Winners from Child Welfare, Juvenile Justice and Youth Homelessness
Earmarking, the practice of carving out chunks of federal spending for recipients designated by members of Congress, is back after a decade hiatus. And as was the case before they went away, there are plenty of youth- and family-related projects slated for a direct and unfettered grant from the government.
Sometimes referred to as “pork,” earmarks enable members to request that a small amount of a larger block of money goes to a specific group. Let’s say there’s a $50 million block of federal money for local sports programs at the Department of Health and Human Services. Without earmarks, there would be a national competition where all eligible youth sports programs applied, and the department would use peer reviewers and conduct an assessment of proposals.
With earmarks, maybe a lawmaker from California wants a local nonprofit that runs a basketball program to get some money. So she requests an earmark on their behalf, and if she’s successful, they get the money.
In the heyday of earmarks, there were hundreds of millions of dollars funneled to youth and family projects this way, the height of it coming in 2005 when there were about 1,400 earmarks in this area. The process was halted in 2011 because both former president Obama and Tea Party Republicans agreed on it being a bad way to distribute federal discretionary dollars.
Youth Services Insider pored over the 2022 recipients — special thanks to Bipartisan Policy Center for the handy database of all earmarks, which we used to cull a more specific slate of stuff relevant to our readers — and have created a spreadsheet that breaks down the projects most related to child welfare, youth justice and youth homelessness. It is separated out by the agencies where the money is coming from, and alphabetized by state.
CLICK HERE to access our earmark breakdown. In addition, here is a topline breakdown of earmark spending along with a few projects from each agency that jumped out as interesting to Youth Services Insider.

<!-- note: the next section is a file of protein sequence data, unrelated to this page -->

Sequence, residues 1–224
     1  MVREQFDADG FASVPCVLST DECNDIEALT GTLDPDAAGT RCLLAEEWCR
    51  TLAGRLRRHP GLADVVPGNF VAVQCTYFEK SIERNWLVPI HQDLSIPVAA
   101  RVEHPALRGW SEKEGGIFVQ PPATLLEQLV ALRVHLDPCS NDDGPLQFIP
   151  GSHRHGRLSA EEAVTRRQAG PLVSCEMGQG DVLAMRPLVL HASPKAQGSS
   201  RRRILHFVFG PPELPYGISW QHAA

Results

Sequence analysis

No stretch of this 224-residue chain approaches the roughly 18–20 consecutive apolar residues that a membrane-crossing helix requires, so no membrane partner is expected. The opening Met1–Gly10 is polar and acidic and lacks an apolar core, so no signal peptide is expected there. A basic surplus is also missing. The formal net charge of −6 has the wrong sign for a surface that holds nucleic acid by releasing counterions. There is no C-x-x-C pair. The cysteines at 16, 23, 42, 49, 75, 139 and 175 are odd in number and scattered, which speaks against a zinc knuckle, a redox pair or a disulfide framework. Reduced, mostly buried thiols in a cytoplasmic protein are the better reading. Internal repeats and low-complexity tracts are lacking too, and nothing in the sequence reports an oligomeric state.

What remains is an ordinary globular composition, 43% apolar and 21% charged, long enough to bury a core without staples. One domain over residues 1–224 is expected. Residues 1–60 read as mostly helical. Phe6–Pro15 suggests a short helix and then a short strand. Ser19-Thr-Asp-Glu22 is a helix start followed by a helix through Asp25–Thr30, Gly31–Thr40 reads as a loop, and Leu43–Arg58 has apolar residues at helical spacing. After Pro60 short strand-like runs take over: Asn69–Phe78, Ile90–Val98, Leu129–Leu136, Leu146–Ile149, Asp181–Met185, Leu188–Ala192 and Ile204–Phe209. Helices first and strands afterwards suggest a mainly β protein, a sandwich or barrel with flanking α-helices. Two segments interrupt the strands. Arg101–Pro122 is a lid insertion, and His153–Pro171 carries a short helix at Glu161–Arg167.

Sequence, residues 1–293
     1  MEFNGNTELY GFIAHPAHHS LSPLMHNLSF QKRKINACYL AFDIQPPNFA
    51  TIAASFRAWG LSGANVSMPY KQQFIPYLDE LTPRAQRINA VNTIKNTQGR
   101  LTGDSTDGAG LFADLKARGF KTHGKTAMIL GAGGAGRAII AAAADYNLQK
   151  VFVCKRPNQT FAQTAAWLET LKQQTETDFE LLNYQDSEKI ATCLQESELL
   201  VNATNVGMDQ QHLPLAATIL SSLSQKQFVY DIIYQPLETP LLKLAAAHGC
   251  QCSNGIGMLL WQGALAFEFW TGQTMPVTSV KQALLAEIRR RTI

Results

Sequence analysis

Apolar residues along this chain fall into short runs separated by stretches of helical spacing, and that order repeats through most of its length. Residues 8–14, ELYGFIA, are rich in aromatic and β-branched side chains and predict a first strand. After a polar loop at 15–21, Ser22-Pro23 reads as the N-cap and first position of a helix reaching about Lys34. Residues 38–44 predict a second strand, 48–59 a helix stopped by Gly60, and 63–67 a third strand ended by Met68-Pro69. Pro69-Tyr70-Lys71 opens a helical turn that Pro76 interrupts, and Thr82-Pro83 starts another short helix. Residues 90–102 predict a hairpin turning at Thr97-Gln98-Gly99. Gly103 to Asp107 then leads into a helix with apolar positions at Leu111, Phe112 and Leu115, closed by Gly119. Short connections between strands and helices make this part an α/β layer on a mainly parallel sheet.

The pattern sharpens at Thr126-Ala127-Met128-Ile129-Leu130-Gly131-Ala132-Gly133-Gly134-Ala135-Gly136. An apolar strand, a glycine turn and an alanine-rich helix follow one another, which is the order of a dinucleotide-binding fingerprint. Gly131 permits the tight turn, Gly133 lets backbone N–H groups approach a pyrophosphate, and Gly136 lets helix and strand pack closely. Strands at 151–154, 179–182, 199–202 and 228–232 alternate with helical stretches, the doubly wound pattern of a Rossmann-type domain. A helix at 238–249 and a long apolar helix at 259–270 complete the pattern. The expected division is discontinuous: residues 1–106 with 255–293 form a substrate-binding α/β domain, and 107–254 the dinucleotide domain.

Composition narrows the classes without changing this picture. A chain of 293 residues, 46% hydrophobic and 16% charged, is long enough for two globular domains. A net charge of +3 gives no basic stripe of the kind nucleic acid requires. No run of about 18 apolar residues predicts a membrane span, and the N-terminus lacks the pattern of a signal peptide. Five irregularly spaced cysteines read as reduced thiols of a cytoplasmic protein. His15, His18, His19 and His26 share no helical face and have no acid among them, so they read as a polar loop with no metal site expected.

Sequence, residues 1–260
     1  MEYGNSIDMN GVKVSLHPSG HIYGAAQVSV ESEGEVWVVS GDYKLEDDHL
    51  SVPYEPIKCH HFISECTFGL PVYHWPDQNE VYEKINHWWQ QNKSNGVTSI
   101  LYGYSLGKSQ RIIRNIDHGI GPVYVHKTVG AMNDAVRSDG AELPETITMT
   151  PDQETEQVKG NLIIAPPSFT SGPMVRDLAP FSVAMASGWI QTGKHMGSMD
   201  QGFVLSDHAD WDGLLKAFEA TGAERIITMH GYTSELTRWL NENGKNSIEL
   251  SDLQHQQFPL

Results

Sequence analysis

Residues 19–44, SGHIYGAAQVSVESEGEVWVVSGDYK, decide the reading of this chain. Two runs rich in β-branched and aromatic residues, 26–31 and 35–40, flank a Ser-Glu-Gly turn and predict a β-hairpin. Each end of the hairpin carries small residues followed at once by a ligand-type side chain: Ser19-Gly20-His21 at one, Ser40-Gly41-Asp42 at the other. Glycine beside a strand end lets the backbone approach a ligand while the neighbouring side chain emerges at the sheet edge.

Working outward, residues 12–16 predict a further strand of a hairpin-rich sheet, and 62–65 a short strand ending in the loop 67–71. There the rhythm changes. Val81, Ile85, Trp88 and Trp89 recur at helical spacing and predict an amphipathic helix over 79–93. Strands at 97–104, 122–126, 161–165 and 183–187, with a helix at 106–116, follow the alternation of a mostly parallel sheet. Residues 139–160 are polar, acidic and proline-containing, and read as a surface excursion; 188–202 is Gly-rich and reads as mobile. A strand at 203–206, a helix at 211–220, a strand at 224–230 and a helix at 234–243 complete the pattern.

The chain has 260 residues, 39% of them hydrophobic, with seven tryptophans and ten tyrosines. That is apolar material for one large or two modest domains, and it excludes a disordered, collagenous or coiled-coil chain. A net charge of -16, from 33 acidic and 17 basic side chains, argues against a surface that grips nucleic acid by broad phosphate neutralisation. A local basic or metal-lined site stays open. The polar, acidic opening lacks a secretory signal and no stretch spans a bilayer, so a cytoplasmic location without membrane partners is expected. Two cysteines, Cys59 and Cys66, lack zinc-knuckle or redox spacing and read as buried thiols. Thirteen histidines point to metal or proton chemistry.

Department of Education
Number of Earmarks Identified: 126
Total Amount: $69.6 million
- Partners in Development Foundation, Hawaii, $2 million for education and workforce development for justice-involved youth.
- Finishing Trades Institute of the Upper Midwest, Minnesota, $2 million for apprenticeship pathways for middle and high school students.
- University of Utah, $1 million to pilot a college access and degree completion initiative for young adults exiting the foster care system.
- High Desert Education Service District, Oregon, $900,000 for expansion of a childhood trauma program.
- Queens Community House in New York City, $225,000 for family support counselors.
Department of Health and Human Services
Number of Earmarks Identified: 238
Total Amount: $176.2 million
- Marshall University, West Virginia, $1 million for a center on foster care studies.
- Parents Anonymous,California, $1 million for mental health services for Asian, Latinx and Black/African American families.
- Rhode Island Department of Children, Youth, & Families, $750,000 for foster family recruitment and retention.
- Youth Rising Oregon, $750,000 for substance abuse treatment for youth parents.
- LOVE Program, California, $380,000 to provide mental health and substance use disorder treatment services and diversion programs for juveniles in the criminal justice system.
Department of Housing and Urban Development
Number of Earmarks Identified: 192
Total Amount: $279.8 million
- Mat-Su Youth Housing, Alaska, $23 million to construct a commercial building for job training of homeless youth.
- L.A. Family Housing, $3 million for Project Home Key.
- ARISE, North Carolina, $2.1 million for housing for young adults transitioning out of foster care.
- The Center for Family Justice, Connecticut, $865,000 in general support.
- Tohono O’odham Nation, Arizona, $750,000 for the Permanent Children’s Home.
Department of Justice
Number of Earmarks Identified: 53
Total Amount: $35 million
- Safelight Child Advocacy Center, $1 million for general support.
- Ceasefire Detroit, $715,000 for the Violence Reduction Program.
- Heartland Alliance, $500,000 for the Evidence-Based Violence Reduction Initiative.
- City of Denver Youth Crisis Response Team Initiative, $384,000 for general support.
- South King County, Washington, $300,000 for restorative justice programs.
Department of Labor
Number of Earmarks Identified: 49
Total Amount: $38.4 million
- Skills for Rhode Island’s Future, $5 million for a work-based learning program for youth and the Ready.Set.Work initiative.
- California Workforce Association Foundation, $1 million for a youth apprenticeship initiative.
- The HOPE Program, Bronx, New York, $800,000 for a job training program for green jobs to support justice-impacted individuals.
- Parents and Children Together, Hawaii, $270,000 for the Work with a Future program.
- iFoster, California, $150,000 for a workforce development program for transition-age youth in Las Vegas, Nevada.